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cafeoverdose

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Posts posted by cafeoverdose


  1. 2 hours ago, sandmoon said:

    Out of curiosity - what would you say helped you the most as a non-US student? I have a couple of friends applying from overseas universities, and they said research opportunities are hard to come by, and when they are available, they are typically not of the kind that people do in the US. Is it sufficient to have good grades at university and write a good personal statement that shows your passion and knowledge? Do your recommenders have to have US connections to make things work? They asked me for advice but I feel unqualified to give any as a US grad.

     

    International student here, luckily got into some top-10 programs this cycle. From a non-English speaking country.

    My two cents for international students who want to get into top PhD programs in the US but lacking the financial resources to invest in a foreign MA:

    1) Go heavy on stats, math, econ, and programming. Do some graduate-level statistics/econometrics and calc 2. Take a few courses that require using Stata, R, Python etc. If you don't have recommenders with good connections in the US to credibly bat for your research potential, taking quantitative courses is a much easier path to signal your skill sets.

    2) If there are such opportunities in your school, do a study abroad program (exchange student program). Pick an R1 university in the US (even better, a school you want to get into in the future). Work exceptionally hard in all courses, develop good relationships with professors, and do some research projects there if possible. Ask for recommendations from these professors after the semester. Most R1 professors graduate from top programs, and I assume they have better connections with committees of the programs you are aiming for. Their recommendations help demonstrate your English ability and compare your academic achievement with other students in the US. Admissions committees will get a better sense of what kind of student you are.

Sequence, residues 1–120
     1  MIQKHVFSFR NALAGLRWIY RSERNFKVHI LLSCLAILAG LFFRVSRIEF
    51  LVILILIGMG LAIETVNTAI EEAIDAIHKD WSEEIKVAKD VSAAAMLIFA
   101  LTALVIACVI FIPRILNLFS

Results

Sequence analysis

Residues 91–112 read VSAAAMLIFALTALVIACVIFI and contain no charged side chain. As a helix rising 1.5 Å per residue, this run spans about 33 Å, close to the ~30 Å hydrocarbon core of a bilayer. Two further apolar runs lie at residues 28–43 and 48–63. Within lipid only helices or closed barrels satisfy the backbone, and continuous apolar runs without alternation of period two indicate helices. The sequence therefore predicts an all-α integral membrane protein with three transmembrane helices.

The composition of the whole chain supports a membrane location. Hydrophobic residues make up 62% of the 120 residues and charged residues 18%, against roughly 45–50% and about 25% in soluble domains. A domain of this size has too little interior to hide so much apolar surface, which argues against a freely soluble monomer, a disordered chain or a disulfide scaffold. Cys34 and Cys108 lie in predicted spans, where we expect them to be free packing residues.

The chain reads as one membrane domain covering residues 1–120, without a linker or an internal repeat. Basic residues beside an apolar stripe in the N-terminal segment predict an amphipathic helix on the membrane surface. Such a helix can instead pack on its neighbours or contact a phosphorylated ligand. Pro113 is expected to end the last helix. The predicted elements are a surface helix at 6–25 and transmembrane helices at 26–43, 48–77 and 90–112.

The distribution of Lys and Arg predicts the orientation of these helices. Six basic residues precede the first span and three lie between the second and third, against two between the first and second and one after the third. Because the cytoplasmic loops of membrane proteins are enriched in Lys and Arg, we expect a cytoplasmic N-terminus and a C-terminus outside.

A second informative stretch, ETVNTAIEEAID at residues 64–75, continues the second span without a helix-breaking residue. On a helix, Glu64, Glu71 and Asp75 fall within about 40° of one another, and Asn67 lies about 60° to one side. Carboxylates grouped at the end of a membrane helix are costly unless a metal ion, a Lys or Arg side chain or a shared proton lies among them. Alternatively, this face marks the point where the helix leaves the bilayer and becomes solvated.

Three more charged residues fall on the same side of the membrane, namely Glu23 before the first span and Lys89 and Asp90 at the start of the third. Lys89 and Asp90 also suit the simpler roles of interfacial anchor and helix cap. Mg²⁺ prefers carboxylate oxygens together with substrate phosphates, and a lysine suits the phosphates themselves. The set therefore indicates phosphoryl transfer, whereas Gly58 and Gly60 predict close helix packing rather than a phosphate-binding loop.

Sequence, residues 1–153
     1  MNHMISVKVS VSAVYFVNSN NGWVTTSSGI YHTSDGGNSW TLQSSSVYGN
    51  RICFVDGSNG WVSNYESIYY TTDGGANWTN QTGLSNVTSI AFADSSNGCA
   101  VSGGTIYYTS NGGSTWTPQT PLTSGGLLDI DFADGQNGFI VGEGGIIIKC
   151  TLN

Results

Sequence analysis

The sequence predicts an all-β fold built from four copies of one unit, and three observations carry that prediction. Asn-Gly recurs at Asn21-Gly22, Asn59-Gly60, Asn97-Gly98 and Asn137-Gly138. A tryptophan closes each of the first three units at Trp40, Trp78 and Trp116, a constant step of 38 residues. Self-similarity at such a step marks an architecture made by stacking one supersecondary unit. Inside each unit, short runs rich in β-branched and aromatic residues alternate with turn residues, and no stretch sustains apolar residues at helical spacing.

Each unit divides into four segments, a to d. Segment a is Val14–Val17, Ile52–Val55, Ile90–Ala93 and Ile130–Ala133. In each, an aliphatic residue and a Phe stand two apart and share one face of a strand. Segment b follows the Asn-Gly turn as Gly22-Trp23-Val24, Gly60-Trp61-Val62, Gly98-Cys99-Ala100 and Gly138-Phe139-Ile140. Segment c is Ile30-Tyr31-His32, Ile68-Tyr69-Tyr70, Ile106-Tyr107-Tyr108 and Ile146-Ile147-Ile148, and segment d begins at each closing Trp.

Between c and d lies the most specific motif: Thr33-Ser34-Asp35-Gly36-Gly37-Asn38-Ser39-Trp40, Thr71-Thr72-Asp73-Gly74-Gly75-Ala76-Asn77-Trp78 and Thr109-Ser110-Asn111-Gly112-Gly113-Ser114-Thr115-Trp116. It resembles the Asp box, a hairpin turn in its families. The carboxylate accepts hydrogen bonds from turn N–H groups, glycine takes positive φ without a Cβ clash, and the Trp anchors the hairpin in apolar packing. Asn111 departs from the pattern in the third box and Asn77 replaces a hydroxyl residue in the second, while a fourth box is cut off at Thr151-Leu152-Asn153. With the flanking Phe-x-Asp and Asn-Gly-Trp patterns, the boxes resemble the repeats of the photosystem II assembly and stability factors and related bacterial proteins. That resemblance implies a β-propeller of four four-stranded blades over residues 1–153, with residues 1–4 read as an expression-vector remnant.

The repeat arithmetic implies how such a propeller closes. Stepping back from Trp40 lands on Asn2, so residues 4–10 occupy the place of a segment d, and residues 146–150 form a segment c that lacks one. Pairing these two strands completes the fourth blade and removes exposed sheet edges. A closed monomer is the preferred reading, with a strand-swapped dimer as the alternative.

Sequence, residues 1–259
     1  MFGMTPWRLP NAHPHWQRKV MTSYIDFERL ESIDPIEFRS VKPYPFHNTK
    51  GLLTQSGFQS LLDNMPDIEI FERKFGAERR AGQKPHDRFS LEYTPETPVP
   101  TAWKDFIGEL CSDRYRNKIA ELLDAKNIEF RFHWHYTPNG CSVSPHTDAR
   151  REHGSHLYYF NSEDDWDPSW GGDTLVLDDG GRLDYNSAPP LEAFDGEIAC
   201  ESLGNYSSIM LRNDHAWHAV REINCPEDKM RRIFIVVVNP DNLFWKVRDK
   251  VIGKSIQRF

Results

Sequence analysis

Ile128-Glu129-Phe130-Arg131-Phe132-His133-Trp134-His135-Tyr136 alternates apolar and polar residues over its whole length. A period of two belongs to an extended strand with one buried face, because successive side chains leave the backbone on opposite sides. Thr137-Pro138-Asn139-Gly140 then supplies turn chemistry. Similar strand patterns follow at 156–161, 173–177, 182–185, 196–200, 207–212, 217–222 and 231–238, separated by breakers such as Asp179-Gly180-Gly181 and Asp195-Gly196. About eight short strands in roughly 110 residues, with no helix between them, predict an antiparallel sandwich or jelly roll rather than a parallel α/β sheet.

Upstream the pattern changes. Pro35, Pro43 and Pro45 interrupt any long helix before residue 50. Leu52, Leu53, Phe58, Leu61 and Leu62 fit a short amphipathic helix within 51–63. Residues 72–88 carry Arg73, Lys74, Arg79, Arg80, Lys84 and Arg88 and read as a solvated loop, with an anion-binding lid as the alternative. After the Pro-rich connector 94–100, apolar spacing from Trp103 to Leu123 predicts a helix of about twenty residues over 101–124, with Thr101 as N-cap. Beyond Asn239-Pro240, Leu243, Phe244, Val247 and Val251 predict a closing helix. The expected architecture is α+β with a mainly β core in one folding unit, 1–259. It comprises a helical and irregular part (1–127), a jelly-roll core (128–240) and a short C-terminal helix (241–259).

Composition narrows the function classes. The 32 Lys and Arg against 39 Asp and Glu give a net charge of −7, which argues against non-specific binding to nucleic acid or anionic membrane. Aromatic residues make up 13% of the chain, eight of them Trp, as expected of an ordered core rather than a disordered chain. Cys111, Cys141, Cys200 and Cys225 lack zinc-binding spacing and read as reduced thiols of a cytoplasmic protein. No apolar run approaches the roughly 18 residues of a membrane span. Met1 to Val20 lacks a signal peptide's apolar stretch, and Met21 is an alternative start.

3) Be really careful when drafting research plan in your SoP. Read political science journals widely, especially APSR, AJPS, and JOP. What topics are people working on? Which methods do they use? Topics (and methods) the mainstream US scholars care about nowadays may be very different from the paradigm in your home country. Definitely don't write on a topic you are completely unexcited about, but you are going to be expected to do this kind of research when you start graduate school. If this is not for you, a PhD in the US might not be a good idea.

    On top of everything, keep in mind that the admission process is a signaling game. We all need credible proofs for our abilities (and fitness with the program).

    I got a lot of helpful advice from this forum, so I really hope my experience can help!

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